This is kind of my specialty when I try to write fiction. Invent a character, invent an unlikely situation, and figure out how the character would adapt to the situation. I’m also working on a mystery story revolving around a hitman who also acts as a sort of detective for people who live under the law, but that one isn’t going quite as well. In the past, I’ve written works about a rock musician who had an out-of-body experience (that one was inspired by the story of Motley Crue member Nikki Sixx, which he talked about in the band’s autobiography); a guy who found a hidden treasure that made him rich beyond his wildest dreams and exactly what happened after he found all that money; a conversation between God (yeah, that God) and a suicide bomber, and others. I also wish I could write them faster, and that I could figure out where to send them without so much difficulty.
Themes were never the concern with any of them. Sure, I’ve tried to write a few of them within some sort of context, but context is something broader than theme, at least once the rules you’ve established for your fictional world are set up.
In layman’s terms, I think of the unusual situation, and set out to write a story about (mostly) ordinary, regular people in those situations. I tried writing a couple which vaulted off that form of literature – one was a science fiction story that worked nicely, the other is that mystery I mentioned about (I wish I knew how to be good at writing mysteries) – but mostly, that situational stuff is probably my niche.
Besides that, I’ve also got to worry about the subjects of sentences; the verbs of sentences; predicates; sentence fragments; and all those other little goodies that drove us crazy in elementary school which no professional author has ever used. Learning these has given rise to the personal realization that I’ve forgotten everything I’ve ever known about them.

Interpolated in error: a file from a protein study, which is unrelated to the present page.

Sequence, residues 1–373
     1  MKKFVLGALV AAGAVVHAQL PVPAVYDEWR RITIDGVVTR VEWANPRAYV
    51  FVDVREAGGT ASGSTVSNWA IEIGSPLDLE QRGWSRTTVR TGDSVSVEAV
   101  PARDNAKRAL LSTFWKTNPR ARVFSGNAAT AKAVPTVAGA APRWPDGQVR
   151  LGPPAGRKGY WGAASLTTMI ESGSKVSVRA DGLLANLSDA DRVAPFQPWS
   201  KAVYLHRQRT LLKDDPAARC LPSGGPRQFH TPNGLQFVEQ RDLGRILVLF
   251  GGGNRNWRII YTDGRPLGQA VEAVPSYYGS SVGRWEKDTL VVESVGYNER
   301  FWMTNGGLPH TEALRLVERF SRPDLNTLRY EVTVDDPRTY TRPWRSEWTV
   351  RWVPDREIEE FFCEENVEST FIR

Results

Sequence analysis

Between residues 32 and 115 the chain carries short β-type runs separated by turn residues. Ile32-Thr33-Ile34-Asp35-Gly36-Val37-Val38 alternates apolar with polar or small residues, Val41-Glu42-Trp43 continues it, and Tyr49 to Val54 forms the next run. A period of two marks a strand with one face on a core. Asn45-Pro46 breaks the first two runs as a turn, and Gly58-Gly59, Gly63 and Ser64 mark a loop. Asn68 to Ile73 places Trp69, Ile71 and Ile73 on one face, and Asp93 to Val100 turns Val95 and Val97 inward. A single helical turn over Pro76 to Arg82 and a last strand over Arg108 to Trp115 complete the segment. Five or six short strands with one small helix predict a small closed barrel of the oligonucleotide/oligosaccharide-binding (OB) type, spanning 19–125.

To think that, during the past two semesters, I was learning calculus and needed my formal understanding of basic algebra to return to me. What should happen in that instance but my old algebra lessons actually coming back to me, and not being so cluttered or confusing that time. In fact, I was remembering my algebra – a subject I took twice in high school and four times in college – perfectly, and without any of the confusion or clutter that made it such a pain to learn. My second semester, when I took a class in human movement which involved physics, recalling my geometry took a little bit longer, but I still managed to do it when one of my professors was giving me help. Now here I am, fully taking a subject I studied and passed, and having trouble recalling rudimentary aspects of it, even though it’s something I’ve been doing now for a very long time and excelling at. I’m not very fond of my brain right now.